New Stainless Steep Pans

Discussion in 'Food & Cooking' started by rstephen, Mar 4, 2015.

  1. rstephen

    rstephen

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    At home cook
    I wish I would of found this forum earlier, it looks like it has a bunch of great resources. I'm an at home cook and have been serious about cooking for the last 10 years.  It's my hobby and what I do in my spare time. For some reason I'm just getting my first set of stainless steel pans.  My question is what do I do about maintaining them?  I've "seasoned" them with several coats of oil heated until it starts smoking then let them cool and repeat.  I've done that about 5 times and have a nice layer of slick coating on the bottom of the pan.  I cooked my first meal in one last night, a steak, seared it in pan then broiled it.  It didn't stick at all :) Because of the heat my layer of coating became dark brown, although some came off when  I deglazed my pan for the red wine and balsamic reduction. 

    My question is what should I do with these pans?  Just wash them out with warm water and let a layer continue to build up on the bottom of the pan like you would cast iron? Or, should I be cleaning them out so they are shiny after every use?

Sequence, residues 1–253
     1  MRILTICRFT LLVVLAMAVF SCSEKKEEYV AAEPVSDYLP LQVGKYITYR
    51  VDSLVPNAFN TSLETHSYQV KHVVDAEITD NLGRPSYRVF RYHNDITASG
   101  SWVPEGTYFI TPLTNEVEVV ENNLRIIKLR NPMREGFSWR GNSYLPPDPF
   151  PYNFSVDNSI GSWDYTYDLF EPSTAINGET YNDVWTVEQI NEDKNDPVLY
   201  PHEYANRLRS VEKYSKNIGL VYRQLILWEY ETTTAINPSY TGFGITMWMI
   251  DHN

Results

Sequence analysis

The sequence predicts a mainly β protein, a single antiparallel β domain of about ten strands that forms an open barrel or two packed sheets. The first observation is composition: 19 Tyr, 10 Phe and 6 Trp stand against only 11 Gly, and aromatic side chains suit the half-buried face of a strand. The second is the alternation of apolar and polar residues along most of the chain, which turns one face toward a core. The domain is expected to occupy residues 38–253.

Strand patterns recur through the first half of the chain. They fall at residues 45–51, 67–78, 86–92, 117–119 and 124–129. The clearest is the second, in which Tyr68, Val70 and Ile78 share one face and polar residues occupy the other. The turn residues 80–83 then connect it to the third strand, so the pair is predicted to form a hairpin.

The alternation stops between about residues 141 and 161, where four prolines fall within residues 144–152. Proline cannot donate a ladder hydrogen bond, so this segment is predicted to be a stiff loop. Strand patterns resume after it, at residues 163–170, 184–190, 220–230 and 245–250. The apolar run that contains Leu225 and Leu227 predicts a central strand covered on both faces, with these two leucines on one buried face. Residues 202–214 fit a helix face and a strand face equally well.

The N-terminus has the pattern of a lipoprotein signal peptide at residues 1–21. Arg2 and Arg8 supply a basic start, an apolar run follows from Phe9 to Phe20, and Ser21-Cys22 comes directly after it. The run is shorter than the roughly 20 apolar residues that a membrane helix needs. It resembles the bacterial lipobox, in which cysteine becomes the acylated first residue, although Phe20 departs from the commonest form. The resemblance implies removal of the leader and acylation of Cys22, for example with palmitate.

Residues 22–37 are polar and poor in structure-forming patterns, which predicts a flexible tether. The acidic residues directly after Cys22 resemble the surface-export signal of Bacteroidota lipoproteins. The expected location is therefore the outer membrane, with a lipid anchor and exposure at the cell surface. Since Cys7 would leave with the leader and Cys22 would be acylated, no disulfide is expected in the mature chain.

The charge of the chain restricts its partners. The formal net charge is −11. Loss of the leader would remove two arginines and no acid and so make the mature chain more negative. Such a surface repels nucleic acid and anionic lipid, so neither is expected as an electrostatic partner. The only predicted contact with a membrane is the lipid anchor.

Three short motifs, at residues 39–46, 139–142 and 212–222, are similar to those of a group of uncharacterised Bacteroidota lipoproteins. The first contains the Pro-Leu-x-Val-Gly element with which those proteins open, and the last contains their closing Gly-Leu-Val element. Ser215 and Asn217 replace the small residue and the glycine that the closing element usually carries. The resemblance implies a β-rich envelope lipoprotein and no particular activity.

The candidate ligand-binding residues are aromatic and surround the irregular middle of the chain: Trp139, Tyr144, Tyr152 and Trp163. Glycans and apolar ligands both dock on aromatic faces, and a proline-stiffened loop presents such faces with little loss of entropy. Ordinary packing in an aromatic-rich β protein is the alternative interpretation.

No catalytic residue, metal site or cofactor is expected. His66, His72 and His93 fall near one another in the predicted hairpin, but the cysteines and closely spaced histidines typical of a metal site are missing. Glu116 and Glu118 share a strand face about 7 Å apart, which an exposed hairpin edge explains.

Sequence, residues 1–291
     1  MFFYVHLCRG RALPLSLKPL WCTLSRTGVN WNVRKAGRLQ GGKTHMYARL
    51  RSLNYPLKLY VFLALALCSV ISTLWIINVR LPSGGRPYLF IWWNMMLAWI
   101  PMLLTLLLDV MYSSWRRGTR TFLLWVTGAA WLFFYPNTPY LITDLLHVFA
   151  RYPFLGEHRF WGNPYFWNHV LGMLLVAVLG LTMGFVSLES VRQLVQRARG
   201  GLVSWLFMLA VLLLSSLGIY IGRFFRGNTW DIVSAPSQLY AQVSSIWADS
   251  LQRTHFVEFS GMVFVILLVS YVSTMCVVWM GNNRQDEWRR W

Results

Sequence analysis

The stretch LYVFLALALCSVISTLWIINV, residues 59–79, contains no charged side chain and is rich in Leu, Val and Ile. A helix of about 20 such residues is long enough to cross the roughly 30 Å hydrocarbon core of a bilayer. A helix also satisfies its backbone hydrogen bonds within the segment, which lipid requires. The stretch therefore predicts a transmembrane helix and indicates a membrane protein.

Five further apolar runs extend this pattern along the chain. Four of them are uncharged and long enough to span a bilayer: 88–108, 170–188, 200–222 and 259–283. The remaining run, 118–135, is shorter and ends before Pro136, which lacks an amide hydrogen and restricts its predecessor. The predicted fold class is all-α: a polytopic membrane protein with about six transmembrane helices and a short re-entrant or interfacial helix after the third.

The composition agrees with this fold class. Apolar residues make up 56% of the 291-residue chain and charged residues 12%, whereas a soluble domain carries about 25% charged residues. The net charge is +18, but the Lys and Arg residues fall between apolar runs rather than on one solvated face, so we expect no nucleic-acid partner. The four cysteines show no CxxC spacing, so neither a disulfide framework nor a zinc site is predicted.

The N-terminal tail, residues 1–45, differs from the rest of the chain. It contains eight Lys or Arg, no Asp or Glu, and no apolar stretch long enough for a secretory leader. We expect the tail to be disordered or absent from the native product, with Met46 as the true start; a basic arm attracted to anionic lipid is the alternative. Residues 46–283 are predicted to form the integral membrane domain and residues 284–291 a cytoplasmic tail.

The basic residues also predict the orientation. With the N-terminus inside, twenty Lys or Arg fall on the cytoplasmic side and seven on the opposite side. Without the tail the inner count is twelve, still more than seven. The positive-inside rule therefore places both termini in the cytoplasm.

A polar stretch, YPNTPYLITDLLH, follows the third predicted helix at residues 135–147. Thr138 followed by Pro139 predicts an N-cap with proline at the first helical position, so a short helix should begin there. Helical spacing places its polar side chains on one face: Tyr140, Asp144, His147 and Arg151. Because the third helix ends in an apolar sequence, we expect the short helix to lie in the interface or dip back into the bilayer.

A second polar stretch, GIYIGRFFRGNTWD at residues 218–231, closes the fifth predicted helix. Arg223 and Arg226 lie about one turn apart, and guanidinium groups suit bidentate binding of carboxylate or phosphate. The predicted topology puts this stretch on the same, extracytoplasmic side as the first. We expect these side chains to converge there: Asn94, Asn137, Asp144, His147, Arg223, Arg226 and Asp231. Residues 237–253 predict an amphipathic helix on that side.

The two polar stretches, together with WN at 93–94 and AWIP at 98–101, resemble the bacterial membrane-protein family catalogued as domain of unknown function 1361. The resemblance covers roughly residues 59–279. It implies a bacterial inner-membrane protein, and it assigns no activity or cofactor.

Thanks! 

    Reagan.
     
  2. french fries

    french fries

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    I don't season my stainless steel pan. I often cook steaks, eggs, fish, crepes... whatever in them, and they don't stick at all either. It does require a bit of adapting my technique however, mainly heating the pan slowly and for a long time. I've never worked with a seasoned stainless steel pan so I'm afraid I won't be of much help to you here. 
     
  3. rstephen

    rstephen

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    Thanks!  I think I found the solution.  You start with the pan dry no need to season it.  Heat it up until water "dances" in it (I'm sure there is a culinary term for this)  then add your cooking fat and shortly after whatever you are cooking.  I just tried this technique with an egg and it slid around like it was doing the electric slide./img/vbsmilies/smilies/licklips.gif
     
  4. french fries

    french fries

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    I've seen that water trick on rouxbe.com before, but I don't find it necessary. I just heat it really slowly, for a long time, and not too hot (for eggs or crepes), or scorching hot (for steak or potatoes)... I had real problems with sticking in stainless steel when I first switched from Teflon.. but now I can't remember the last time I had any problems with something sticking.